On the circumcision of Abraham
WE READ IN MANY PASSAGES of the divine Scripture that God speaks to men. For this reason the Jews indeed, but also some of our people, supposed that God should be understood as a man, that is, adorned with human members and human appearance. But the philosophers despise these stories as fabulous and formed in the likeness of poetic fictions. Because of this it seems to me that I must first discuss these few matters and then come to those words which have been read.
First, therefore, let my word be to those outside the Church who arrogantly clamor around us, saying that it is not appropriate for that most exalted and invisible and incorporeal God to experience human affections. For if, they say, you give him the experience of speaking, you will, doubtless, give him also a mouth and a tongue and the other members with which the function of speaking is performed. But if this be so, one has departed from the invisible and incorporeal God. And they harass our people, joining many similar arguments to these. Therefore, if we may have the support of your prayers, we shall briefly reply to these arguments as the Lord may grant.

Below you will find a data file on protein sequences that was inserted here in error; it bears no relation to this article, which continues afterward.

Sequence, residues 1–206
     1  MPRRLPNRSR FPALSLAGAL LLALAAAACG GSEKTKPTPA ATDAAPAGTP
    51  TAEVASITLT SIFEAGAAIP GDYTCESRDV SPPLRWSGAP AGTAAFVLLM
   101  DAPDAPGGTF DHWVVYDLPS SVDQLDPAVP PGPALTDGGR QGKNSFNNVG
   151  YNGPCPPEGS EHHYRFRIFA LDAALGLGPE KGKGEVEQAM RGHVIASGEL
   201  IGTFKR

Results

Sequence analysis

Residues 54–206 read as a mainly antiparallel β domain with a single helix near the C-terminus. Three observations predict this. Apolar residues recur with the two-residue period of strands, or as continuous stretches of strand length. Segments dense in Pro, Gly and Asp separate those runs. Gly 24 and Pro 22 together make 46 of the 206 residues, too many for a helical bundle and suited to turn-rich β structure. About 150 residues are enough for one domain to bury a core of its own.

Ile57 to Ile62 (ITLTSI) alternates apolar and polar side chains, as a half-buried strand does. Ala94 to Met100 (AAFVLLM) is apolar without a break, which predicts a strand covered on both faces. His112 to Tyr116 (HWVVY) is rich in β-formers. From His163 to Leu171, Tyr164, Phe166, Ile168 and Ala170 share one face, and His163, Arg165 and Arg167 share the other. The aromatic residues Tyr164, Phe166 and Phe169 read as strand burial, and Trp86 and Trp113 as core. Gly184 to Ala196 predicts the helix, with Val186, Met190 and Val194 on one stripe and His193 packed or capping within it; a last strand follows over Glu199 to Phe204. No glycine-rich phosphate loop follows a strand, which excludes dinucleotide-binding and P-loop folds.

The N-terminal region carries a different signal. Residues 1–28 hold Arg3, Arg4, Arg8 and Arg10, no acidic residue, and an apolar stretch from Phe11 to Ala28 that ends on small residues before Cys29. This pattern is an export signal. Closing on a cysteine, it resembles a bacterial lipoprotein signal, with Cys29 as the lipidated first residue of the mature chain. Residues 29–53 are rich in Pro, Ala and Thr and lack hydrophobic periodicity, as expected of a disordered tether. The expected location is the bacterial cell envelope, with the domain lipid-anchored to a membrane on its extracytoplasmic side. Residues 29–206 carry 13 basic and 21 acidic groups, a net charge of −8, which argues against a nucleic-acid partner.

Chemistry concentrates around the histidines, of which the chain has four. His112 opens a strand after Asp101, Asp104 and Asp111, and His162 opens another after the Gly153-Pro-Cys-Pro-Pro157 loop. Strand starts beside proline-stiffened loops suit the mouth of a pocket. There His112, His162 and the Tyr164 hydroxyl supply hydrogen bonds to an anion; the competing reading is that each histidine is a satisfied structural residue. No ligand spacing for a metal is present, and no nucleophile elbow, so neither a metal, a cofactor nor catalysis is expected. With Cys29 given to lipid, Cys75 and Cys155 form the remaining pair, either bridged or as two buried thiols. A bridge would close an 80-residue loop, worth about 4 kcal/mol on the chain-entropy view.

(2) As we profess that God is incorporeal and omnipotent and invisible, so we confess with a sure and immovable doctrine that he cares about mortal affairs and that nothing happens in heaven or earth apart from his providence. Note that we said nothing happens without his providence; not, without his will. For many things happen without his will; nothing without his providence. For providence is that by which he attends to and manages and makes provision for the things which happen. But his will is that by which he wishes something or does not wish it. But enough of these matters for